In Photos | Switzerland Through 13 Magnificent UNESCO World Heritage Sites

In Photos | Switzerland Through 13 Magnificent UNESCO World Heritage Sites
In Photos | Switzerland Through 13 Magnificent UNESCO World Heritage Sites

Old City of Bern. Photo: iStock

From the snowy heights of the Alps to lakeside vineyard terraces, from triassic fossils to the birthplace of Swiss watchmaking and a stunning centuries-old library, here’s a look at Switzerland’s magnificent UNESCO World Heritage Sites.

1. Old City of Bern

From the snowy heights of the Alps to lakeside vineyard terraces, from triassic fossils to the birthplace of Swiss watchmaking and a stunning centuries-old library, here’s a lTo stroll through the Old Town of Switzerland’s capital city is to be transported back in time. Its cobblestoned streets are lined with limestone buildings with broad arcades, and dotted with clock towers and ornate fountains. Established in the 12th cen­tury, the riverside town is a stellar example of medieval urban architecture. There are elements from later eras as well, all per­fectly integrated into the city’s modern identity. Discover Old Town’s charms on a guided tour or soak in its ambience over a cuppa at an al fresco café.ook at Switzerland’s magnificent UNESCO World Heritage Sites.

2. Abbey of St. Gall

Abbey of St. Gall
Photo: iStock

This former eighth-century monastery near Lake Constance in northeast Switzerland contains a remarkable collection of ancient manuscripts. Its cathedral is one of the last remaining baroque buildings in Europe. The Abbey Library’s ornately decorated hall elicits a gasp from most visitors. The latter is also one of the oldest manuscript libraries in the world with around 1.7 lakh books. The collection includes about 400 handwritten scripts that are over 1,000 years old. It still functions as a public leading library.

3. Lavaux, Vineyard Terraces

Lavaux, Vineyard Terraces
Photo: iStock

Lavaux’s terraced vineyards stretch for about 40 kilometres along the northeastern shores of Lake Geneva. The sea of green vines glowing in the afternoon sun is a stunning sight that draws visitors from around the world. Though grapes have been grown here since Roman times, the terraces were first created in the 11th century, when the emerging Benedictine and Cistercian mon­asteries started large-scale wine production. Visitors can hike or cycle on trails that wind through the vineyards, stopping for wine tastings along the way.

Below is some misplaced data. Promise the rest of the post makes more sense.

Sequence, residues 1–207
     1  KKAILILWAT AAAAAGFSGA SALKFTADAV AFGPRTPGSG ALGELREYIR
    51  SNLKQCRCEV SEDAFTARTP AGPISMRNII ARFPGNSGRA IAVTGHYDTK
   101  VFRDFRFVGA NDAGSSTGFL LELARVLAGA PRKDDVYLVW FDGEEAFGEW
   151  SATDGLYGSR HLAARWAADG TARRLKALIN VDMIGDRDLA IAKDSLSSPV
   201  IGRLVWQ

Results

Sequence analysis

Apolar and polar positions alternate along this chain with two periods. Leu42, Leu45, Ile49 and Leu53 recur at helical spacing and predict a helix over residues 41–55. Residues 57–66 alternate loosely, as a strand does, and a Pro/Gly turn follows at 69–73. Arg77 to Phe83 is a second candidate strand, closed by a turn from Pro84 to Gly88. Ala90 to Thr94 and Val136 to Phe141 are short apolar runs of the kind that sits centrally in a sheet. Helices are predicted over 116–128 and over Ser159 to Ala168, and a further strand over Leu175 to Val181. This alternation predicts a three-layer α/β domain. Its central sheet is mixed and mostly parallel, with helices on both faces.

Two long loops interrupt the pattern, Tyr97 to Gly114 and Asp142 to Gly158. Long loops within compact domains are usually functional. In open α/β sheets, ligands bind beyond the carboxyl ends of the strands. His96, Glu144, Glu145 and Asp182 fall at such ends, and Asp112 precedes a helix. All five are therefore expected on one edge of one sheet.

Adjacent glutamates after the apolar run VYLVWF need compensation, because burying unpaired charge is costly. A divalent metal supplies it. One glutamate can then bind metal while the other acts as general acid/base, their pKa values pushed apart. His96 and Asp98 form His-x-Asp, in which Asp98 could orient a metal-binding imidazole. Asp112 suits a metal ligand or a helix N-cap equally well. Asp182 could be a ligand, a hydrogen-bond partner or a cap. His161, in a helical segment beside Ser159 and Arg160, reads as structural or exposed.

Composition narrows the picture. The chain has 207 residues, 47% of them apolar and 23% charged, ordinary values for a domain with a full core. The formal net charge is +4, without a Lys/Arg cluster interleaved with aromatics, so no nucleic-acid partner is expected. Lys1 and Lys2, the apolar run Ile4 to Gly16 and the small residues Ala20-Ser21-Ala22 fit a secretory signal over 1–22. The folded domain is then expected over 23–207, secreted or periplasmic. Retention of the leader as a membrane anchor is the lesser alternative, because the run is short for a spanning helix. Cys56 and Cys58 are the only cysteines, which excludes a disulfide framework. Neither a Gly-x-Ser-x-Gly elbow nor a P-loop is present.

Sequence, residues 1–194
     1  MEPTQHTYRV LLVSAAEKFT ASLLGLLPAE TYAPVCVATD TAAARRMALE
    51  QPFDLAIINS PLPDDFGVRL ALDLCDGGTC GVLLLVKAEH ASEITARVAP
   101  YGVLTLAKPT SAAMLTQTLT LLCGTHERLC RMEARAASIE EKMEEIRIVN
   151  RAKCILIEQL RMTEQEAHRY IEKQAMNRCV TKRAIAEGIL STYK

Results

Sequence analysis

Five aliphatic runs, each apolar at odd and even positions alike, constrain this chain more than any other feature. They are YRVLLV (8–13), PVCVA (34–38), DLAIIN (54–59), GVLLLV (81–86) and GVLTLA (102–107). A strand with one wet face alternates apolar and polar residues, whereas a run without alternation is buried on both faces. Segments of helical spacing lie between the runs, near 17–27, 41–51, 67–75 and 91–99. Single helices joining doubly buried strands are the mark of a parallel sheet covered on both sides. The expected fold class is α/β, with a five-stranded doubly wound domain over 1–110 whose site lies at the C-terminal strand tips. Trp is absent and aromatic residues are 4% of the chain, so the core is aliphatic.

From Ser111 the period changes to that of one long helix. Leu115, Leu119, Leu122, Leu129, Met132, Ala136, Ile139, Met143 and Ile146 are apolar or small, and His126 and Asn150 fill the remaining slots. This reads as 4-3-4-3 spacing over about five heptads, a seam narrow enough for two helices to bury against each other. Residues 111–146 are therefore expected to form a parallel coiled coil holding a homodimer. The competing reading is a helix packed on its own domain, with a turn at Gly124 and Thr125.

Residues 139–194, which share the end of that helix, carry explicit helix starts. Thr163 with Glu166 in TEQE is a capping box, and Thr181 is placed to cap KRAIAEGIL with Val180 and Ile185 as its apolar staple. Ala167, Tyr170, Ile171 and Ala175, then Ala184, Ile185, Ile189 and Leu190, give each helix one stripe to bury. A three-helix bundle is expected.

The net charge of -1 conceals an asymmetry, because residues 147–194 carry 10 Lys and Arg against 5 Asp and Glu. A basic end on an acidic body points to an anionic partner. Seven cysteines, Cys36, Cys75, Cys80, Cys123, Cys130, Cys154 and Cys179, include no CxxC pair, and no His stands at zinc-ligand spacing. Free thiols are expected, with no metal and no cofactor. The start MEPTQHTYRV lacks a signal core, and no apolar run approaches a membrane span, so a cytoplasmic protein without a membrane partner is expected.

4. Swiss Alps Jungfrau-Aletsch

Swiss Alps Jungfrau-Aletsch
Photo: iStock

The Great Aletsch is a suitable name for a glacier that’s Europe’s largest, stretching 22 kilometres in length and cover­ing an area of 120 square kilometres. Together, the Jungfrau-Aletsch-Bietschhorn region is a World Heritage Site that includes the well-known peaks of Eiger, Mönch, and Jungfrau. In summer, visitors can take a train up to Jungfraujoch for views of the glacier and snow activities, or ride a cable car to Bettmerhorn all year round. The actively inclined can also walk the Swiss Glacier Trail that begins at Bettmerhorn.

5. The Rhaetian Railway in the Albula

The Rhaetian Railway in the Albula
Photo: iStock

The Albula and Bernina lines of the Rhaetian Railway cross the Swiss Alps over two mountain passes, providing connections to remote parts. The 67-kilometre-long Albula railway line passes through a spectacular route with 42 tunnels and 144 viaducts and bridges. The 61-kilometre-long Bernina line has 13 tunnels and galleries, and 52 viaducts and bridges. Visitors can travel on this significant feat of early 20th-century engineering, crossing Europe’s highest railway pass, an exposed helical tunnel, and the daring arches of the much-photographed Landwasser Viaduct.

6. Benedictine Convent of St. John at Mustair

Over the 12 centuries that this abbey has stood at its spot in the meadows of Müstair village, it hasn’t changed much. Founded by the Benedictine order in A.D. 775, it turned into a women’s abbey in the 1300s. The church is decorated with distinctive medieval frescoes, considered the world’s largest collection of Carolingian-era murals. Very recently, the nuns who live here opened the tenth-century Planta Tower to the public. It houses a museum that provides visitors a glimpse into the convent’s inner workings and a chance to see historical artefacts.

Benedictine Convent of St. John at Mustair
Photo: iStock

Must Read: The Ultimate Switzerland Travel Guide